1 crucial vote to beat the vicious circle of our food production system
This month's plenary session has two food-related issues on the agenda: the European Commissoin statement on the horsemeat scandal and the vote on the CAP reform. These issues once again raise serious questions about the functioning of our food system, but they are also opportunities to change the trend and finally listen to the ever-louder concerns of European citizens.
In his statement in plenary on Tuesday 12th March, EC Commissioner Borg underlined, through the recent horsemeat scandal, the problems inherent to the current food supply chain system which came to light in the mid 1990s with the discovery of mad cow disease (Bovine Spongiform Encephalopathy: BSE) and has been followed by successive crisis up to now. At the same moment, not that far from where Mr Borg stood, civil society organisations were preparing a day of action on ‘Farms instead of Factories’ ahead of the plenary CAP vote on 13th March. Throughout the day, several hundred farmers and citizens from 12 countries, wearing colourful costumes, came together in Strasbourg to call for a greener and fairer CAP with a series of actions as MEPs held their final debate on the Common Agricultural Policy (CAP).
'As with any food related scandal, crisis and scare, we are due to learn lessons and if necessary consider appropriate changes in the light of experience', indicated M. Borg in his statement on the horsemeat scandal. However, while the European Commission is asking for a reinforcement of control regulations, we have learnt from repeated experiences that calling for stricter and reinforced controls at every new food scandal is not enough. Even if it seems that one problem can be resolved through short-term stricter rules and controls, the risks of the system remain and it never takes long for another food scandal to occur. The food industry involves ever longer travel distances and inspections and controls are often in the hands of the food industry itself.
Strict and regular controls along the food chain and severe sanctions must clearly be established to prevent further fraud. More independent controls and transparency on food information via ambitious origin labelling for all meats - including meat as ingredient in processed products - is also vital. But the European Commission, in its consideration of options to prevent the emergence of further food scandals, fails to take into consideration the fact that we have too many intermediaries in our food supply chain system.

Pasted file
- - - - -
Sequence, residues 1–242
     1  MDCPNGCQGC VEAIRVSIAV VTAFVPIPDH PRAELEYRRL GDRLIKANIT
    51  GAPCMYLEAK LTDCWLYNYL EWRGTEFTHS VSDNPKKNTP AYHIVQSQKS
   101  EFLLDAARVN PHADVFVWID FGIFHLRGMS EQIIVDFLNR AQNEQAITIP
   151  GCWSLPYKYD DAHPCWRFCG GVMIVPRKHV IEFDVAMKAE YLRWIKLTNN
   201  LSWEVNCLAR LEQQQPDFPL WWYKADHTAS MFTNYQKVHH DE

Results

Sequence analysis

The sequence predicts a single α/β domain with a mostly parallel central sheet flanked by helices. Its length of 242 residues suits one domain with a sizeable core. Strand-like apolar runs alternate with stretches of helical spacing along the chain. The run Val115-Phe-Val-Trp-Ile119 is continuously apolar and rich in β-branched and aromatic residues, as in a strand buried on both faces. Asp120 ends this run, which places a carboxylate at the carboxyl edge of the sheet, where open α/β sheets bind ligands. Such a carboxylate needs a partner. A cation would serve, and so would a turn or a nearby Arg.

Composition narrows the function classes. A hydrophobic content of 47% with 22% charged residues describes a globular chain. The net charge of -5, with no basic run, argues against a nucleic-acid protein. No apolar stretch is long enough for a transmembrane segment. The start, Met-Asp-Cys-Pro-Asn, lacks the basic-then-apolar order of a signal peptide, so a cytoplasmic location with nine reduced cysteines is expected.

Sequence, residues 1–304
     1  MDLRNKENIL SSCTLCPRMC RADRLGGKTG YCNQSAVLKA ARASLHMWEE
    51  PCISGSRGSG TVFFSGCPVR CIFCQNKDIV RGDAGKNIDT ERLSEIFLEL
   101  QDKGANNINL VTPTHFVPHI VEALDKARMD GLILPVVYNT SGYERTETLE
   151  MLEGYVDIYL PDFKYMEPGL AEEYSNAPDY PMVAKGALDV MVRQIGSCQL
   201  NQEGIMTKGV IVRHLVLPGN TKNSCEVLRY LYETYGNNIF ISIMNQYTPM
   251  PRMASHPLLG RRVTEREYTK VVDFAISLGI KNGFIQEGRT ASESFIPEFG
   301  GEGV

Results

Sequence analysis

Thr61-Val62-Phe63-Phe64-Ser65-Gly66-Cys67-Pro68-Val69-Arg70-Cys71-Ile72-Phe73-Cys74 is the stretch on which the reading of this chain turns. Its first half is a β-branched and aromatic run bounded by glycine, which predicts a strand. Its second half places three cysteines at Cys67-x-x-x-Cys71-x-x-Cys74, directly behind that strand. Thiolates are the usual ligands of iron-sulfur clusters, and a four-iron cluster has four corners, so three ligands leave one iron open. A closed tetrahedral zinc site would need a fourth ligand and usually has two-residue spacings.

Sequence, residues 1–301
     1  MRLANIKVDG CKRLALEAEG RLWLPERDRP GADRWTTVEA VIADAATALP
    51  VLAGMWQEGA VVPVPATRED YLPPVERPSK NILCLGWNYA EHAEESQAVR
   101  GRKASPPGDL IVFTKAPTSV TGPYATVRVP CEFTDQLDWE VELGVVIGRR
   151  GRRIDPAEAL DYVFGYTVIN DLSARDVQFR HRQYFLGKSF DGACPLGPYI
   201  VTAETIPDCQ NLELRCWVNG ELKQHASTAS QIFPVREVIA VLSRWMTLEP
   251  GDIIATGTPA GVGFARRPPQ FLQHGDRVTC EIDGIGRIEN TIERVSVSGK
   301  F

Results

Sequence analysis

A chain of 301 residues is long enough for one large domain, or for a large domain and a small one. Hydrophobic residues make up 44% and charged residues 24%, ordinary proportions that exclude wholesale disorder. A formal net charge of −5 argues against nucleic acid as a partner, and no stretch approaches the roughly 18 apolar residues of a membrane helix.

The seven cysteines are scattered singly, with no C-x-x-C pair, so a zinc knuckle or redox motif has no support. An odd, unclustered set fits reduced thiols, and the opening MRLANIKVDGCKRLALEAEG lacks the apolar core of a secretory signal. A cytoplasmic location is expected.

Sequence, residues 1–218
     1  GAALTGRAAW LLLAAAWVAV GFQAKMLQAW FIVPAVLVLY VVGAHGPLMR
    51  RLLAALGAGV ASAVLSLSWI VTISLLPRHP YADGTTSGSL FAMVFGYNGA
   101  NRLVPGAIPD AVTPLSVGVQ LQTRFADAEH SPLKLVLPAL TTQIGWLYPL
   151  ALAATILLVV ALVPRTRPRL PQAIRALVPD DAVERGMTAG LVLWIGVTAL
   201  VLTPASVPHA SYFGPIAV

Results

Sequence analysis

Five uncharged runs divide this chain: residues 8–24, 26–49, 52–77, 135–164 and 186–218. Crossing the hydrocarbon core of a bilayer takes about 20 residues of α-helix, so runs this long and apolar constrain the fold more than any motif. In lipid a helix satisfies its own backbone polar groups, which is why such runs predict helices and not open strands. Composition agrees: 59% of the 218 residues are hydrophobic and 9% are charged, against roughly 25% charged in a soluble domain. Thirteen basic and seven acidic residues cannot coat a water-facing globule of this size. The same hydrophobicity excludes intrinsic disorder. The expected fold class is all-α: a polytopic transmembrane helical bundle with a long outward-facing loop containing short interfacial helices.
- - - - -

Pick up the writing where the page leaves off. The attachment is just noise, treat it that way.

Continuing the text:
The request of civil society movements supported by the Greens/EFA for a real Green and fair CAP echoes this need for fundamental change. Only a fundamental reform of our agricultural and food system will effectively address the issue of a highly vulnerable food supply system, consisting of many points where the integrity of the food chain can break down, producing a scandalous amount of food waste (up to 30% of the food produced in Europe per year, i.e 100 million tons) and responsible for animal suffering and high level greenhouse gas emissions. The farm-to fork connection should be restored by prioritising and supporting regional, transparent and short-distance food supply chains, quality food at a fair price as well as local and seasonal products.
Recent EU decisions show that if we do not make the right choice for real change of our food system, food scandals will occur over and over again. The European Commission has just decided to reintroduce from 1st June 2013, animal protein meal made from non-ruminant animals for use as feed in fish aquaculture. The Commission stated that this measure was a first step as it intends to propose a further measure to re-introduce the use of animal meal as feed for poultry and pigs. In other words, a process similar to the one that led to the mad cow disease in the 1990s is rehabilitated as if nothing had happened - animal feed from fallen animals and slaughter and forced cannibalism. On 12th February 2013, Member States approved a Commission measure to abolish the requirement for Member States (25 MS except for Bulgaria and Romania) to test healthy slaughtered bovine animals for BSE. Even if it is true that BSE prevalence is currently low in the EU (28 cases reported annually), for the Greens/EFA, it is crucial to continue collecting sufficient statistical data in order to allow for an early detection of the re-emergence of this disease and monitor atypical cases. But it looks as if the European food safety system is going backward on this point.
Greens/EFA MEPs wish to beat the never ending logic of food scandals. Therefore, as part of the CAP reform package, they made the following proposals to beat this vicious circle:
support of shorter food chains, decentralised processing and local products through the rural development measures
support for farmers' organisations so as to strengthen their bargaining position against the dominant market position of traders and supermarket chains
adaptation of hygiene rules which currently favour industrial food systems and have destroyed decentralised food processing
crop rotation including leguminous protein plants. This basic farming practice can counter and mitigate climate change thanks to lower use of chemical inputs and smash monocultures. It will also reduce the protein deficit and allow farmers to produce their own feed, with the aim being to replace soy imports
change of public procurement rules to include criteria like seasonal, local and organic food in public and school refectories
Guaranteeing support for rural development is also vital for strengthening short-distance food supply chains and quality local production